Moviemakers, we need your help with our kids! by Sybil Sage

A full-page open letter in today's New York Times from the New York State Commissioner of Health reminds Disney, GE, News Corp., Sony, Time Warner and Viacom that showing smoking on screens inspires young people to start smoking and suggests four changes these companies can make that will promote the health of children.

Past efforts to enlist the MPAA to help curtail smoking in feature films have failed. Apparently it's no easier to get through to movie makers than it is to teenagers.

If this appeal is successful, and I hope it is, I'd like the film companies to consider showing:

Scarlett Johansson cleaning up her room and calling her grandmother without needing to be threatened;

Michael Cera and Ellen Page engaging in safe sex;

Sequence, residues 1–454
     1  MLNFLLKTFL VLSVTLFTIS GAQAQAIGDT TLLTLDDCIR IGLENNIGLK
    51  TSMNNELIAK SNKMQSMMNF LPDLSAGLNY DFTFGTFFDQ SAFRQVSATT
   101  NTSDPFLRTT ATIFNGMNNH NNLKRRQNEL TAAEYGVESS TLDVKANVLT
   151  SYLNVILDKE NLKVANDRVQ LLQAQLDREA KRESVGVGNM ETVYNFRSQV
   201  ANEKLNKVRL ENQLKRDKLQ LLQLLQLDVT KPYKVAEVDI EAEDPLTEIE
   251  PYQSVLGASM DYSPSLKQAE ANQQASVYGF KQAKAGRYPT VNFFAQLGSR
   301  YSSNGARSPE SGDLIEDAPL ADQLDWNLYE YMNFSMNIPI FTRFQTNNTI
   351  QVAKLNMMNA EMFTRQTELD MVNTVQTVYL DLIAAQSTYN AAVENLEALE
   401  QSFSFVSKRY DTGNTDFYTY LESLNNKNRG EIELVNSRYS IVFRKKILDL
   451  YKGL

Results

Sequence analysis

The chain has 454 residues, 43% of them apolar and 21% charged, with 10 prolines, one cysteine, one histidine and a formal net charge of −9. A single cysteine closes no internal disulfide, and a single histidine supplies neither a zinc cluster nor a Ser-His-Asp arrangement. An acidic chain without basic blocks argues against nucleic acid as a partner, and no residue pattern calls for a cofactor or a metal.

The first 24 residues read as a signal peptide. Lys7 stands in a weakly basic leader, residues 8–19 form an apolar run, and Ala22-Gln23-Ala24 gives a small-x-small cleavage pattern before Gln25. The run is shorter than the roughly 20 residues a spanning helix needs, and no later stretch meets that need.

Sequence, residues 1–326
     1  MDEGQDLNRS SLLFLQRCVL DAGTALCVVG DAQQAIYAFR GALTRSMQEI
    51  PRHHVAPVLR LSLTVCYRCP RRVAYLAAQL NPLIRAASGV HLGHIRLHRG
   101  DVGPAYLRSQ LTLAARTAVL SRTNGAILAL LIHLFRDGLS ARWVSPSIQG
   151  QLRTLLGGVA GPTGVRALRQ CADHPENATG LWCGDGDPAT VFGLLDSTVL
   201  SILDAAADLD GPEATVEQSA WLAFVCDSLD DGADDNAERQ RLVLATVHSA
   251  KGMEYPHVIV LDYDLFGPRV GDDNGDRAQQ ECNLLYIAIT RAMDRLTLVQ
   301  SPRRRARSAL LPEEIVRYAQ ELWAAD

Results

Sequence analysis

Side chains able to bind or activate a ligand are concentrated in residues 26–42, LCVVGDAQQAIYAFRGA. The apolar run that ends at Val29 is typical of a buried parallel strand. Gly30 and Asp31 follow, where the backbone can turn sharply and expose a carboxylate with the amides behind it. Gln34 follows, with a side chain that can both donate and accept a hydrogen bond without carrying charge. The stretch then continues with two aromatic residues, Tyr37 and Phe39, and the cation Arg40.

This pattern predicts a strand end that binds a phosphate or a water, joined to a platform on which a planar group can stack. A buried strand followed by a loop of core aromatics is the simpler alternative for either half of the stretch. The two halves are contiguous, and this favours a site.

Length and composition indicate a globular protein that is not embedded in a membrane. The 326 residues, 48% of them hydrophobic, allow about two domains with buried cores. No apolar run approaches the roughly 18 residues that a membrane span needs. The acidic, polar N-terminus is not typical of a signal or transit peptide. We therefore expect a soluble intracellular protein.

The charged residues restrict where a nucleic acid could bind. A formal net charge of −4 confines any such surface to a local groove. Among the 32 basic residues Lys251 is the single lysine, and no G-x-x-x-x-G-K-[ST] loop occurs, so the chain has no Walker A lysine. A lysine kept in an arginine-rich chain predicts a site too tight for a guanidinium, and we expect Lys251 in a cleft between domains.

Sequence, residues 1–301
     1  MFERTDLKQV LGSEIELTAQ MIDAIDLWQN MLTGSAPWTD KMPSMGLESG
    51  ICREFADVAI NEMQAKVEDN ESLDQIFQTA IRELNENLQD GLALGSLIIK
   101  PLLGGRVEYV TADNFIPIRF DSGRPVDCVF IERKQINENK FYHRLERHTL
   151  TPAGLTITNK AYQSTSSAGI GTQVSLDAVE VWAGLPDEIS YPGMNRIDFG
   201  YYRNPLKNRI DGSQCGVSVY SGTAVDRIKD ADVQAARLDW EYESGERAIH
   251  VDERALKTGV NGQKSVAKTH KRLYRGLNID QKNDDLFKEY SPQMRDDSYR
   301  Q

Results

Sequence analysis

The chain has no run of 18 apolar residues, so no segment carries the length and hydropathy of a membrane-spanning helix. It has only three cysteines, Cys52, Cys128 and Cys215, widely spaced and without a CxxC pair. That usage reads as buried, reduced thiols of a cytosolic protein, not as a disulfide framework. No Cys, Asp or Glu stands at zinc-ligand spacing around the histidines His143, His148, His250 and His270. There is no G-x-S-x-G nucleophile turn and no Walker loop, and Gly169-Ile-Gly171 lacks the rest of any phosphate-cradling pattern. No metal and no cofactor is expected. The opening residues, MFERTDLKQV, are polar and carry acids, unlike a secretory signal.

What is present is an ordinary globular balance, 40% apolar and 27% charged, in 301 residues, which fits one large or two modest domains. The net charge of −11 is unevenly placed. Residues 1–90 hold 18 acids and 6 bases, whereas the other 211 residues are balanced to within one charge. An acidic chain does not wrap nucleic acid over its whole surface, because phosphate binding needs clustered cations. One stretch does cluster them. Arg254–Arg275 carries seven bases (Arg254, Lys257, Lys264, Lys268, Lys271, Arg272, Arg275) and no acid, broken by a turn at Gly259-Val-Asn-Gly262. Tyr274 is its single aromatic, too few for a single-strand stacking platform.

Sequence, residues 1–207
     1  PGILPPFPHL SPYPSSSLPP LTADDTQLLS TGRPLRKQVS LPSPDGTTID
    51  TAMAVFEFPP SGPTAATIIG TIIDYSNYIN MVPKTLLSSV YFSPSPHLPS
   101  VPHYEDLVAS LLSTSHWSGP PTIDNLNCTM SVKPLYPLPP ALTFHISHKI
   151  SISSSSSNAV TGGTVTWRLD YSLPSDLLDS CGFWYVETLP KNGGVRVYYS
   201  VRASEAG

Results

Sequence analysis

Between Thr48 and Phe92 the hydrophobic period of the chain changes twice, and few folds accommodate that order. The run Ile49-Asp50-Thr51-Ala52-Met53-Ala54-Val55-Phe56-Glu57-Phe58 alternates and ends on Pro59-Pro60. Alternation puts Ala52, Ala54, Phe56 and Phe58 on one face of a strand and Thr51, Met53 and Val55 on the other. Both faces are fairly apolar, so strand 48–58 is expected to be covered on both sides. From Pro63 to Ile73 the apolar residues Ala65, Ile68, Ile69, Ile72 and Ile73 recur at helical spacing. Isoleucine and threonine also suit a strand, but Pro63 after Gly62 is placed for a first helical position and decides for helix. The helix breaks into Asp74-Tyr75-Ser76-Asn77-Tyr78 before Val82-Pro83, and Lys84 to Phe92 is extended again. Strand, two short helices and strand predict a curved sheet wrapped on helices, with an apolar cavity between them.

Jonah Hill drinking rounds of water;

Abigail Breslin doing her homework and practicing the piano before going into chat rooms or talking on her cell;

Daniel Radcliffe making it home by curfew;

Keira Knightley speaking openly, or even just respectfully, to her parents;

Shia La Beouf getting up before noon;

All young people dialoguing without the word, "like".

Sunday, February 17, 2008

A new diagnosis: liberals are "nuts" by Sybil Sage

Dr. Lyle Rossiter, a psychologist who's practiced for thirty-five years, in a book titled, The Liberal Mind: The Psychological Causes of Political Madness, maintains that liberalism is a psychological disorder. He asserts that liberals, "rebel against the normal responsibilities of adulthood and demand that a parental government meet their needs from cradle to grave."

Does Dr. Rossiter accept medical insurance? Oh, maybe it's not an issue since most Americans can't afford it. Liberals are nuts?!!